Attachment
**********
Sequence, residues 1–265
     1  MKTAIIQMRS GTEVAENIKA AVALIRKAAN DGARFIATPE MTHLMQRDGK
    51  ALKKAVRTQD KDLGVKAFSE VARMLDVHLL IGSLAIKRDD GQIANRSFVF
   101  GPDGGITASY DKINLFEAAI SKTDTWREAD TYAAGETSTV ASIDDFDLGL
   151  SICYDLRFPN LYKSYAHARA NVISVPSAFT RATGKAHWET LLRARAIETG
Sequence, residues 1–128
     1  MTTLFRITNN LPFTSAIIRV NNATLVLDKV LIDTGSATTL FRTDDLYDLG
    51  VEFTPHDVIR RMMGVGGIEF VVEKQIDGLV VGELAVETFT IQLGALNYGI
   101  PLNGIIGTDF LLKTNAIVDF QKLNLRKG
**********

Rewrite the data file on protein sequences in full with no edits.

Sequence, residues 1–265
     1  MKTAIIQMRS GTEVAENIKA AVALIRKAAN DGARFIATPE MTHLMQRDGK
    51  ALKKAVRTQD KDLGVKAFSE VARMLDVHLL IGSLAIKRDD GQIANRSFVF
   101  GPDGGITASY DKINLFEAAI SKTDTWREAD TYAAGETSTV ASIDDFDLGL
   151  SICYDLRFPN LYKSYAHARA NVISVPSAFT RATGKAHWET LLRARAIETG
Sequence, residues 1–128
     1  MTTLFRITNN LPFTSAIIRV NNATLVLDKV LIDTGSATTL FRTDDLYDLG
    51  VEFTPHDVIR RMMGVGGIEF VVEKQIDGLV VGELAVETFT IQLGALNYGI
   101  PLNGIIGTDF LLKTNAIVDF QKLNLRKG